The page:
Preliminary Thoughts On ABC's 2008 'Invisible Primary Ratings'

When I first saw these rankings of the 2008 contenders, I thought maybe ABC should just have titled the report "Netroots: You Are Irrelevant." But perhaps that's unfair. After all, they do include as part of their rankings a "Netroots" score, even if it isn't weighted very heavily. And in all honesty, this isn't a completely terrible ranking, even if it is quite early for rankings. They're broken down by a number of criteria -- the aforementioned "Netroots,""Polling / Name ID,""Money Potential,""New Hampshire," and so on. They point to the fact that their ranking of the 2004 contenders at this same point in 2002 found the number one and two spots going to John Kerry and John Edwards, respectively. Not bad, but I'm still not convinced. After all, in mid-2002, Kerry and Edwards had been knocked down by Gore and Gephardt, and Gray Davis came in at number nine. A lot can happen in two years.

On the GOP side, the top five, in order, are John McCain, George Allen, Mitt Romney, Rudy Giuliani, and Mike Huckabee. For the Democrats, it's Hillary Clinton, John Edwards, Mark Warner, John Kerry, and Tom Vilsack. Though they do offer some explanation of their methodology, it seems there's a lot of boilerplate conventional wisdom in here. Is Vilsack really in the top five for the Democrats? Does he really outrank Bill Richardson and Wes Clark? Personally, I doubt it. And among the Republicans, I can't buy Rudy Giuliani at number four. Now, maybe that works. But in two years, with his social life the talk of the GOP primary circuit, not so much.

So those are my issues with the overall rankings. What do I think of their more specific charts? Honestly, I don't feel well-equipped enough to dissect every list here. "Polling / Name ID?" That's a matter of hard numbers, hard to argue, unless you're going to talk about their relevance this early in the game. "Fire in the Belly?" Well... okay. Here's how they describe the category:

Fire in the Belly: How badly does the candidate want it? How hard is he/she willing to work? Will he/she do "what it takes" to win, including shedding or at least temporarily freeing himself/herself from other responsibilities and distractions? Are they ready to ask strangers for $4,200 contributions and sleep in bad hotels away from the family night after night?

On our side, the winner in this category is Mark Warner, with Hillary Clinton, John Edwards, and Bill Richardson tying for second place. What, no John Kerry? This strikes me as too nebulous a characteristic to rank accurately, but in terms of gut instinct, I'd say again, it's not terrible. I do disagree with putting Russ Feingold in the middle of a four-way tie with Tom Vilsack, Evan Bayh, and Wes Clark for seventh place, however. If "fire in the belly" is defined by willingness to twist one's self like a pretzel to placate every constituency, Feingold is certainly not the winner. But if it's defined by willingness to put one's self out in public as a strong advocate for his or her beliefs, then Feingold is massively underestimated here. Point being, once again, I think this is too vague to be considered serious criteria.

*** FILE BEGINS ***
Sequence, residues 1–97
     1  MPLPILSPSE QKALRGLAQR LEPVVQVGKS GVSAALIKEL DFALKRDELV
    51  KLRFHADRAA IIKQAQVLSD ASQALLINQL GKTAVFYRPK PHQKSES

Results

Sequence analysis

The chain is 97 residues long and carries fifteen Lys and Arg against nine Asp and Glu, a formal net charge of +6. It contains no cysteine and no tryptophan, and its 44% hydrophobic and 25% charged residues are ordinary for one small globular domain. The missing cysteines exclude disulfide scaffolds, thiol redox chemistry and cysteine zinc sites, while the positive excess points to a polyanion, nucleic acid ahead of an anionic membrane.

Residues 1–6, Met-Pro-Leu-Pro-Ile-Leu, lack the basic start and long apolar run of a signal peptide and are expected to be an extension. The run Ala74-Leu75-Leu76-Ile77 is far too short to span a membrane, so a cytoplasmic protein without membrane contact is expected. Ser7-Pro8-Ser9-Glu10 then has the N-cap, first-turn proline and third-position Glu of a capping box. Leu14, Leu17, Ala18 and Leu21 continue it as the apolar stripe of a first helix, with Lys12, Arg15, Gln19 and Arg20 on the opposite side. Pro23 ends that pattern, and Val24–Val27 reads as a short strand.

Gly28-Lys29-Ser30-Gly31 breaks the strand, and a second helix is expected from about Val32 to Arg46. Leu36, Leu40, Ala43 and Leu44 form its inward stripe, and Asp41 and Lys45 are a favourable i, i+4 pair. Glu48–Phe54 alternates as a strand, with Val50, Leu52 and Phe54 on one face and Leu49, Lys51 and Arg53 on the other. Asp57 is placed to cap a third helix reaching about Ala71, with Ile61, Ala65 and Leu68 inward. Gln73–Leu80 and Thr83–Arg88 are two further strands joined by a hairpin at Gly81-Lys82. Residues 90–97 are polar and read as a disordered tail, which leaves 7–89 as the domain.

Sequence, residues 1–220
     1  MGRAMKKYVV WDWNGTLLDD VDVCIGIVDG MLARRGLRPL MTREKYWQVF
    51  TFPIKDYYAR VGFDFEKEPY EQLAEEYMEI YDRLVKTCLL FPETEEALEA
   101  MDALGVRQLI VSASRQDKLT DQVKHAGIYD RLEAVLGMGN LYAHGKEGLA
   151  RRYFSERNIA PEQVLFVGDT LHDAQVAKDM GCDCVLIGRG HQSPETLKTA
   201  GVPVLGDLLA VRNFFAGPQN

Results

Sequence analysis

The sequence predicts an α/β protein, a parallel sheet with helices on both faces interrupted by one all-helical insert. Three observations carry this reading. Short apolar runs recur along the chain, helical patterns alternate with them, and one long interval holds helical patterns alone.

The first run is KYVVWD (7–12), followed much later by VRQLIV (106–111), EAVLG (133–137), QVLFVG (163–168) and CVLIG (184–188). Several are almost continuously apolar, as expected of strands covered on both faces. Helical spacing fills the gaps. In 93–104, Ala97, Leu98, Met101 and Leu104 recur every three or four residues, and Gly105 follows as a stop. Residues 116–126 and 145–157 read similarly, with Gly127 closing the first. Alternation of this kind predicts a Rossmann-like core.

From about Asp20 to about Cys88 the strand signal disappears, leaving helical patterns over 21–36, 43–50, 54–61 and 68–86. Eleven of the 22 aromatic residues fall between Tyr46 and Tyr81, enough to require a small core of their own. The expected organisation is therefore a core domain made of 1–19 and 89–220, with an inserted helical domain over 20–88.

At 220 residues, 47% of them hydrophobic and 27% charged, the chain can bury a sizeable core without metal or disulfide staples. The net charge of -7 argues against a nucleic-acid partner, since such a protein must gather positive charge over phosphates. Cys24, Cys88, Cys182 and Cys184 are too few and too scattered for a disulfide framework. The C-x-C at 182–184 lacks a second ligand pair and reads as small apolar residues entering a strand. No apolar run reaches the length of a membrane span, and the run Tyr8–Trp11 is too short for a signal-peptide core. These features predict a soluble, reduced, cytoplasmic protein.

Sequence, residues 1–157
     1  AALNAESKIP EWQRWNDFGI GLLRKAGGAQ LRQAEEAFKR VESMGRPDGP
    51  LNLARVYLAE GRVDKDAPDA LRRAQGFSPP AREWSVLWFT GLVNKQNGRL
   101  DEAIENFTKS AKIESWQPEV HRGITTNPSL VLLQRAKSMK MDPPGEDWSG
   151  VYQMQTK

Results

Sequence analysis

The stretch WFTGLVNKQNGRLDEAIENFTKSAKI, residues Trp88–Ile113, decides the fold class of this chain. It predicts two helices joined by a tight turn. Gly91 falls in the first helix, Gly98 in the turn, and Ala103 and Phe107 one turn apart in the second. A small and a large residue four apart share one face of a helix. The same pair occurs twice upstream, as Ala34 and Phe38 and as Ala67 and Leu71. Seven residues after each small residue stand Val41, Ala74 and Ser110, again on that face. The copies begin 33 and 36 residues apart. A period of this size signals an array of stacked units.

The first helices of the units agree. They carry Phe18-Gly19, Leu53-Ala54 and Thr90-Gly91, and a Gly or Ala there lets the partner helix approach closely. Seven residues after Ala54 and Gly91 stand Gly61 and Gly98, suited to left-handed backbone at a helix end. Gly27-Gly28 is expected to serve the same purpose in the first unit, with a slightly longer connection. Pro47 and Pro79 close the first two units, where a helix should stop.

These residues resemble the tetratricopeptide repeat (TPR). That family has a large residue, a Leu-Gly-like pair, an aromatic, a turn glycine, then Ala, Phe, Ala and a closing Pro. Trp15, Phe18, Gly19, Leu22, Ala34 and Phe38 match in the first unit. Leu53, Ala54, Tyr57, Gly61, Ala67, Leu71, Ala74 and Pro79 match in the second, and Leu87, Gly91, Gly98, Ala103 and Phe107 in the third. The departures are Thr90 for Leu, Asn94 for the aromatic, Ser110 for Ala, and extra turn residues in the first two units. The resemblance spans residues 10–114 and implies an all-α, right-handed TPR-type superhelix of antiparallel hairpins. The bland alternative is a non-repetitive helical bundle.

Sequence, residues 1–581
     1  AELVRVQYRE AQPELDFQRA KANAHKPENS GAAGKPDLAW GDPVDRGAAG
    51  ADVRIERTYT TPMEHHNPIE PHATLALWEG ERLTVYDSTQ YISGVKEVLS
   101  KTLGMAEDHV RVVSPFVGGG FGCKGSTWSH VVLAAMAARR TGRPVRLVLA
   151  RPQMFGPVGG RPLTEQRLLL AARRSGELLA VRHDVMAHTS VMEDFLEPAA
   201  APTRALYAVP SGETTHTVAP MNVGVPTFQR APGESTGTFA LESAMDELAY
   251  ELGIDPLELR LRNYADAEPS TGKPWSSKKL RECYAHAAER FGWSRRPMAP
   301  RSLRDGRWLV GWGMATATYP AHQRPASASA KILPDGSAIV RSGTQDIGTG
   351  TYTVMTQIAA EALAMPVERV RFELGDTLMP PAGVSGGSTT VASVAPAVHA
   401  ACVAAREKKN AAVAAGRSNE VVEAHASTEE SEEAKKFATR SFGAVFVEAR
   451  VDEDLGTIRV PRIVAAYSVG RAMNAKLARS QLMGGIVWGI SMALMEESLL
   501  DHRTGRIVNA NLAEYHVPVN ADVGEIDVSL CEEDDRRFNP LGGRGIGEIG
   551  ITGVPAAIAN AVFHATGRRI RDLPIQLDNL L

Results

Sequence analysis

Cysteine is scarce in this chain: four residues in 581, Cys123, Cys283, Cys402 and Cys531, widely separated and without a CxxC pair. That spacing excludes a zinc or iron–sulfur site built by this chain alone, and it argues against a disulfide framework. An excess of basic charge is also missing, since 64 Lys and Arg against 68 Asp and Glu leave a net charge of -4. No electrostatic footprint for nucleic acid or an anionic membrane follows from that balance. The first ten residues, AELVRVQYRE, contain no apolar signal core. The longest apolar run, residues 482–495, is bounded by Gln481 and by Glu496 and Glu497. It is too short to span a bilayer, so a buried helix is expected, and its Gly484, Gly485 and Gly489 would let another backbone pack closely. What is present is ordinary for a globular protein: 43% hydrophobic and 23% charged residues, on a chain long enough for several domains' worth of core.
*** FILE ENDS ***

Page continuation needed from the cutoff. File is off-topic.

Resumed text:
And finally -- for the purposes of this post, anyway -- the "Netroots" ranking. ABC figures that Russ Feingold is in solid first place in the Democratic blogosphere, with Wes Clark in second. Obviously, they've been paying attention to the straw polls. However, they put Kerry in third here, and I'm going to have to disagree. Kerry's certainly been courting the netroots vigorously, but does that really earn him the number three spot? I still sense a lot of skepticism of Kerry after 2004, here and at other sites. And Kerry also tied Mark Warner in third, which I don't agree with. By all means, Warner has earned the spot by both reaching out to the netroots and taking advantage of people like Jerome and Nate. But other than his e-mail list and posting diaries, Kerry hasn't come close to matching that effort.

At the end of the day, rankings like this serve to define the conventional wisdom as much as codify it. Of course, the media's already defined Hillary Clinton and John McCain as the front-runners, so ABC isn't really doing them any favors here. However, I can't help but feeling there's a not-so-subtle message in here directed at candidates like Russ Feingold and Chuck Hagel, that they really shouldn't bother, and neither should their supporters. But I don't really like taking my marching orders from the vaunted "Gang of 500," and I'm fairly certain I'm not alone in that.

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McCain Is The GOP Heir Apparent

I think we've been leading up to this conclusion here at MyDD for quite a while. Now with Ryan Lizza of The New Republic jumping on board, I'd say we can officially call it. John McCain is George W. Bush's pick for President in 2008. (Emphasis mine.)

There seems to be only one issue in the Bush primary. Whatever Bush may have once stood for--tax cuts, social conservatism--it all seems puny and ephemeral compared with the way he defends his decision to invade Iraq. So which 2008 Republican has the sort of total commitment to the war that possesses Bush? Only John McCain springs to mind. And with the notable exception of the use of torture, McCain is also the staunchest backer of Bush's self-proclaimed wartime powers.

Of course, most political things for Bush are also personal. The second trait he is likely looking for is someone he can personally trust. He has been careful about turning to loyal lieutenants as the guardians of his national security decisions. ...

Given their history, McCain probably doesn't quite pass Bush's trust test. But unless Jeb Bush, Dick Cheney, or Condi Rice change their minds about running, neither do any of the other declared (or all-but-declared) candidates. That leaves Bush with only one obvious protector and defender of his legacy. It is a strange irony: John McCain as the last Bush Republican.